Within the review, a few significant areas stand out as in need of reconsideration.
For instance, as SVB grew from $71 billion to over $211 billion in assets from 2019 to 2021, it did not become subject to increased supervisory or regulatory standards. As well as this, supervisors identified interest rate risk deficiencies in 2020, 2021, and 2022, but did not issue supervisory findings. With this in mind, the Board has said that it will “evaluate how to ensure that supervision intensifies at the right pace as a firm grows in size and complexity” adding that it needs to “be attentive to the particular risks that firms with rapid growth, concentrated business models, or other special factors might pose regardless of asset size”.
As well as the scalability of supervision, the Federal Reserve is looking to act more quickly once issues or risks are identified, and will be considering the need for higher capital or liquidity requirements in certain, appropriate cases. It is also looking again at limits on capital distributions and incentive compensation. Other areas of future change include:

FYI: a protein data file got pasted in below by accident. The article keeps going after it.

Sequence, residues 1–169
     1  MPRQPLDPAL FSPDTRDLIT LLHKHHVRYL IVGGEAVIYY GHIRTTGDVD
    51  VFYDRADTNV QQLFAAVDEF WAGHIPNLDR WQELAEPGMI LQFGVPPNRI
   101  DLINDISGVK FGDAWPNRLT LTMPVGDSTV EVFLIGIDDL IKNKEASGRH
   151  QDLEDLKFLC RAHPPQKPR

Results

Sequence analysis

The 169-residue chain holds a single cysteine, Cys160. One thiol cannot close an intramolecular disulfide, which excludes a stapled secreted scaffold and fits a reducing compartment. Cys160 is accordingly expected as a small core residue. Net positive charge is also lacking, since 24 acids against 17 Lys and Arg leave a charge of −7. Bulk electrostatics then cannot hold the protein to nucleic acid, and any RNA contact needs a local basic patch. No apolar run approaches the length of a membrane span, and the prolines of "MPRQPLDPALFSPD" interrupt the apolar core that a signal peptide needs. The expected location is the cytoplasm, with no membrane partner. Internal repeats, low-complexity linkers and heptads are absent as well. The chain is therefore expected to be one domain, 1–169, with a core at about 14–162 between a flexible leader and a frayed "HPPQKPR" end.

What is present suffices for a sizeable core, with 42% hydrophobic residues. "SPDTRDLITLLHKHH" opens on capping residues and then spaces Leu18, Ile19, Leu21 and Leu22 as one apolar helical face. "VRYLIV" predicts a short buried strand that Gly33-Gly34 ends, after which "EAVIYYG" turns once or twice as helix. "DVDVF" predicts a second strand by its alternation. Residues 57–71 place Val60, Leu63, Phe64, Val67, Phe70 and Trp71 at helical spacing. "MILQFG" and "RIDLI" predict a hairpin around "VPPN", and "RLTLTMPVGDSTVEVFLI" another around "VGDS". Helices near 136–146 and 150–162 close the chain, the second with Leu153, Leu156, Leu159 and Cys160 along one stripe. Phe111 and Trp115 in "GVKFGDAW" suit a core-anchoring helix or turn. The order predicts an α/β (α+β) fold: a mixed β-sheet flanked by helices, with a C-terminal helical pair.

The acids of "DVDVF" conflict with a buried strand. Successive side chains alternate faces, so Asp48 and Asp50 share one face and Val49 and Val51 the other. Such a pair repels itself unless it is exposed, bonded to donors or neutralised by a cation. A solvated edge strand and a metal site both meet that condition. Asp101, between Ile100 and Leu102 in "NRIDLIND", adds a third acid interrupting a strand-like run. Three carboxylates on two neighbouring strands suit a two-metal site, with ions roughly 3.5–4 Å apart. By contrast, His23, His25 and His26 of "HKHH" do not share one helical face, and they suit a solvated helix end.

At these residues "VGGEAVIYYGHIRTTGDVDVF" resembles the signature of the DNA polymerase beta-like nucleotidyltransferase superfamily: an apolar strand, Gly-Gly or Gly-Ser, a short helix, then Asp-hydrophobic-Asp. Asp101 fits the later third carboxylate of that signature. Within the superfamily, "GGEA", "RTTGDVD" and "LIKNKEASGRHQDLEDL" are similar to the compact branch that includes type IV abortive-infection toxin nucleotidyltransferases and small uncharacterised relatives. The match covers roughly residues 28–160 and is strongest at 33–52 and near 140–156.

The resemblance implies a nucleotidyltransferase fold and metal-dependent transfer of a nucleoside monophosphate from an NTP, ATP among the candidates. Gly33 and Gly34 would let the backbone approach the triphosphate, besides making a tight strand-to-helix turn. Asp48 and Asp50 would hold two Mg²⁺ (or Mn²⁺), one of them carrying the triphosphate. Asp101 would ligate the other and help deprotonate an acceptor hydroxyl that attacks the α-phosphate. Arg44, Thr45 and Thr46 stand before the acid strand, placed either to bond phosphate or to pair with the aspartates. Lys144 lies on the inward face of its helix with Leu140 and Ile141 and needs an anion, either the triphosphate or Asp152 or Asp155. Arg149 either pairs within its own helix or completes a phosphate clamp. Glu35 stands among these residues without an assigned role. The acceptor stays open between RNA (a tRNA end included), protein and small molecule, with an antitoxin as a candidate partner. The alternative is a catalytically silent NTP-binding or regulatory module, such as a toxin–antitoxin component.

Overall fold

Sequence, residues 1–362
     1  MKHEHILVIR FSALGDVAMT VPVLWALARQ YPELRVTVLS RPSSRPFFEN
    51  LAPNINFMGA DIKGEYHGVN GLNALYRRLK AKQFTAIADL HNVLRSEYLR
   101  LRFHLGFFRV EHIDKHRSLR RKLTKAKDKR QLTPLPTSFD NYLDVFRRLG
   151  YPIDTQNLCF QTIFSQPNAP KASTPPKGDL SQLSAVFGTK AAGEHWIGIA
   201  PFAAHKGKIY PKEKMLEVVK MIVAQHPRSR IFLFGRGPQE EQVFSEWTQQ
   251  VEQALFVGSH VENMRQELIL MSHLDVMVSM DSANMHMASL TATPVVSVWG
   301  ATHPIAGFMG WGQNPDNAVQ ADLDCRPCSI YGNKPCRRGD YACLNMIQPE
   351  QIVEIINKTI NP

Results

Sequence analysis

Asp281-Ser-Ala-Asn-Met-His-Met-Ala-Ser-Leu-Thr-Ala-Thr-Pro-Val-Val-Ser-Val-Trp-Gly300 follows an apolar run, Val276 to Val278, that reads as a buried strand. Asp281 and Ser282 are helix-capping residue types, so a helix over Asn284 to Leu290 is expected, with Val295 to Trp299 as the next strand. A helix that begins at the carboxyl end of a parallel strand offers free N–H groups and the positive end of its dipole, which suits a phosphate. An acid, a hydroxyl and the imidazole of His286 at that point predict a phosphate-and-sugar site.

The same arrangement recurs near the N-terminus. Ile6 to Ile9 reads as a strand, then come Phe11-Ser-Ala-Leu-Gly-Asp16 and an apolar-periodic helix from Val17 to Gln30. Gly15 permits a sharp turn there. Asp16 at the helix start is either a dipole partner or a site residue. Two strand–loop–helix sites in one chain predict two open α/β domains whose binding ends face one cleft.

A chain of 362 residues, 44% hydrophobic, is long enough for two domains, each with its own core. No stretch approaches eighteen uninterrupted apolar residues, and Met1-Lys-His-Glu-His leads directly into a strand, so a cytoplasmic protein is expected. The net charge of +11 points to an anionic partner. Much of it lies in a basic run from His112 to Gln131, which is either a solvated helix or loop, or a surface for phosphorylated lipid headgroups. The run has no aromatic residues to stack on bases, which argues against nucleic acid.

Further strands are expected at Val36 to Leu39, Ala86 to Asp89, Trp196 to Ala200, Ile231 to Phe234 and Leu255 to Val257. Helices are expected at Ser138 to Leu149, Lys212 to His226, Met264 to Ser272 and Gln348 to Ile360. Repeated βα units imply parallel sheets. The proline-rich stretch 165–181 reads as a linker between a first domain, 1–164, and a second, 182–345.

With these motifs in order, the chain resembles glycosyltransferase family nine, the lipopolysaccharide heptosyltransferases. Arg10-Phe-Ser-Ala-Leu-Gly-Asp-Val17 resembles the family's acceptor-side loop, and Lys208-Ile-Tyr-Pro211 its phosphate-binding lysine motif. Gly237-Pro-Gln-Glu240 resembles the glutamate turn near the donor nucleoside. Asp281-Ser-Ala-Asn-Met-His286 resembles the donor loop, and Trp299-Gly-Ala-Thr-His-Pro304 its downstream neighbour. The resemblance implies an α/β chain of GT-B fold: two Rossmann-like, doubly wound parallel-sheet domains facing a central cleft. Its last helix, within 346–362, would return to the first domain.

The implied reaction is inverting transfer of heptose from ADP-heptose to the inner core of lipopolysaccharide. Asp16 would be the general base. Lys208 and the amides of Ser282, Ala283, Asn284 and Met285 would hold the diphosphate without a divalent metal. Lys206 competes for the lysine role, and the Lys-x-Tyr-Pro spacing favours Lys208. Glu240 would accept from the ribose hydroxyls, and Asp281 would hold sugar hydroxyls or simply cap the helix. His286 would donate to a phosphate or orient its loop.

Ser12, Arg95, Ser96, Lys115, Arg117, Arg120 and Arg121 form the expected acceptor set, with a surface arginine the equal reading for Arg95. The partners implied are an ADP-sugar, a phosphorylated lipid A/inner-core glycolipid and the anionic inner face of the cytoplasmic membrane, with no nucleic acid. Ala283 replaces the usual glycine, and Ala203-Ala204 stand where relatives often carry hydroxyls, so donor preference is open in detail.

+ To develop a culture that empowers supervisors to act, and that guards against complacency
+ A revisiting of the current baseline of resilience and a re-evaluation of a range of rules for banks with $100 billion or more in assets
+ Evaluating how it supervises banks’ management of interest rate risk
+ Reconsidering how it supervises and regulates liquidity risk, using uninsured deposit risk as a starting block
+ Exploring the application of a standardized liquidity requirement to a broader set of firms